We need to understand how tough it is for them. We need to understand what was asked of them and how miserable it made very, very many of them feel. And the data across multiple surveys, including even central statistics, office surveys and wellbeing, shows that many, many young people have been made utterly miserable by this pandemic because, you know, think about it. It would if you unsettled family circumstances, this lockdown, enjoying spending more time with the kids.
I'm not saying I'm enjoying lockdown, but it has some silver linings. You know, if you're a single young person, you know, who wants to be finding a good relationship, wants to be enjoying a social life, that's what makes you happy. It's your friends and your relationship life that makes you happy. What's happened here is utterly miserable, and we need to be empathetic to that.
And what about my fear that this is going to get worse in terms of those kind of social impacts and psychological impacts that we had? We had very good weather for the first three months of the pandemic. And certainly for me, that was one of the one of the better aspects of the whole thing, that one could be outdoors a lot of the time.
Paul Collins said to us in this podcast last week that outdoors is the is the enemy of covid in many ways, I think both in terms of the disease itself and people's psychological health, where we've had summer, if we're still in some of some situation, some framework similar to what we're in now or worse in November, December, January, what effect does that have apart from the individual psychology?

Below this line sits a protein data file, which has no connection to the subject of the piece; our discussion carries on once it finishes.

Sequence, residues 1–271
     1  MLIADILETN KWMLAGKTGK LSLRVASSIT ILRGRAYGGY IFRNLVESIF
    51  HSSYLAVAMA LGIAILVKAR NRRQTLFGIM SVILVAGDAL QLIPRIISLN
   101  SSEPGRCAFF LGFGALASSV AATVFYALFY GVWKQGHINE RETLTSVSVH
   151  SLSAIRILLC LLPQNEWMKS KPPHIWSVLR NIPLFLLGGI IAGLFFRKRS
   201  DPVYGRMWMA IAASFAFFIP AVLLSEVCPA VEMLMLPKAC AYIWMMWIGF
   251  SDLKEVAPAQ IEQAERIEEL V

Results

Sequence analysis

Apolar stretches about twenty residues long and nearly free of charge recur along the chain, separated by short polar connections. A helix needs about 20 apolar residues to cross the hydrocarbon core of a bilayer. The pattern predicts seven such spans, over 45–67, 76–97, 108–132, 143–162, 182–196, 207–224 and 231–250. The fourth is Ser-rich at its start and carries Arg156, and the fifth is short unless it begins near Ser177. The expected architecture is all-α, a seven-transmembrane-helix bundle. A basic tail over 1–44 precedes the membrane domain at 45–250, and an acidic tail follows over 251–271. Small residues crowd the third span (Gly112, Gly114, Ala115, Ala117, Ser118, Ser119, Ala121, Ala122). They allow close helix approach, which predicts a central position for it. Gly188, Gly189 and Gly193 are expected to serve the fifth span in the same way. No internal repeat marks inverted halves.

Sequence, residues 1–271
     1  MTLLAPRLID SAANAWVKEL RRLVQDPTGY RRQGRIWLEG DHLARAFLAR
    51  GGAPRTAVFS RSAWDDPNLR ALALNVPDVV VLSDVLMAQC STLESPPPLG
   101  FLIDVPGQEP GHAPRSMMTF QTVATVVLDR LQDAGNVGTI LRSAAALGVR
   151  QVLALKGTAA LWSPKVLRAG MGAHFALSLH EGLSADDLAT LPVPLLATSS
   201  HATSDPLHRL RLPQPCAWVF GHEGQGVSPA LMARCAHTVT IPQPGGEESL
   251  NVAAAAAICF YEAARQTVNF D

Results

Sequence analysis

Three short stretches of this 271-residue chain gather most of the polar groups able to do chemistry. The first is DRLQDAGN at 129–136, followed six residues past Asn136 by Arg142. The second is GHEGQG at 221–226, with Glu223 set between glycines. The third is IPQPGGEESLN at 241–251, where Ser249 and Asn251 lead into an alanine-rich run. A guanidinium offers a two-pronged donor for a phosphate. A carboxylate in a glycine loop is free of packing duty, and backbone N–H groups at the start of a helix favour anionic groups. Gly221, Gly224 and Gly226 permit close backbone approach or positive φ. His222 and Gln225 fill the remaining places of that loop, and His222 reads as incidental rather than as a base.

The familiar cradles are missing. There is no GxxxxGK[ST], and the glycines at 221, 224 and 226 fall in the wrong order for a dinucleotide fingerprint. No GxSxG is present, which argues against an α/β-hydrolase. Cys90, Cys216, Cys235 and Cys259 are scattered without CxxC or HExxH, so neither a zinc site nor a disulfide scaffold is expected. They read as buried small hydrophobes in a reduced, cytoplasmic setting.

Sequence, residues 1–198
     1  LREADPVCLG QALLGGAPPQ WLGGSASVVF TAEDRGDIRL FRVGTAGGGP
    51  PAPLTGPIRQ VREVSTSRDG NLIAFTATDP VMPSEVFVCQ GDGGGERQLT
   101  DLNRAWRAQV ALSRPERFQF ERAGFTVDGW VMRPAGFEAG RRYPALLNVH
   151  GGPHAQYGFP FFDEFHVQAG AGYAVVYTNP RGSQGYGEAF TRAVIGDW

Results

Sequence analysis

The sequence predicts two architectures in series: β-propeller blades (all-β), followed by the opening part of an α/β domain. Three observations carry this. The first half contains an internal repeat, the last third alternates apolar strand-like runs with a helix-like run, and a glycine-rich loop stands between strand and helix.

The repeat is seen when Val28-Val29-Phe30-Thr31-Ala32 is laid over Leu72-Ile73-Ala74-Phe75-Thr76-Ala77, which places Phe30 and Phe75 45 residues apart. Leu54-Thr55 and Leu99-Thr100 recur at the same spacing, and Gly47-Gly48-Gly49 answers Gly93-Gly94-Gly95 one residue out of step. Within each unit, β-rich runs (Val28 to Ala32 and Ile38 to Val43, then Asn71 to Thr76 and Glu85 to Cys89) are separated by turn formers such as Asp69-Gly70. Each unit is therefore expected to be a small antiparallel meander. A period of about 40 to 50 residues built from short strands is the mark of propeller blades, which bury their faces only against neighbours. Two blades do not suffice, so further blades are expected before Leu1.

What effect does it have on the psychology of the of the nation of the group?
Look, I share some of your concerns, but I can't be sure at all because we're in such uncharted waters. I want to make a couple of points to you, though. One is your point about indoors versus outdoors is absolutely vital. We can see in the data that nothing makes people more happy during this period than getting outside and getting outdoors. It makes a real difference. So as the weather gets worse, keeping that up is really, really important.
So, you know, even if you're buying waterproofs online to allow you to do it and you're getting out in the drizzle, get out there. It's making a real difference to people's psychological well-being. And we can see that all over the data. The other thing that's interesting about indoors versus outdoors is that that's one of the areas that our studies show the public is underestimating. And what I mean by that is this. We asked members of the public a representative sample to judge the level of risk involved in different activities.
And we also asked an expert sample of over 50 of the country's leading public health virologist and immunologist to do the same study. And we compared the results of how well the public understood the risks of covid. And generally that understood it pretty well then understood. You know, the number of people in a group matters whether you can stay two metres apart matters. They got all of that. The one thing that they underestimated relative to the experts more than anything else was the difference between being indoors and outdoors.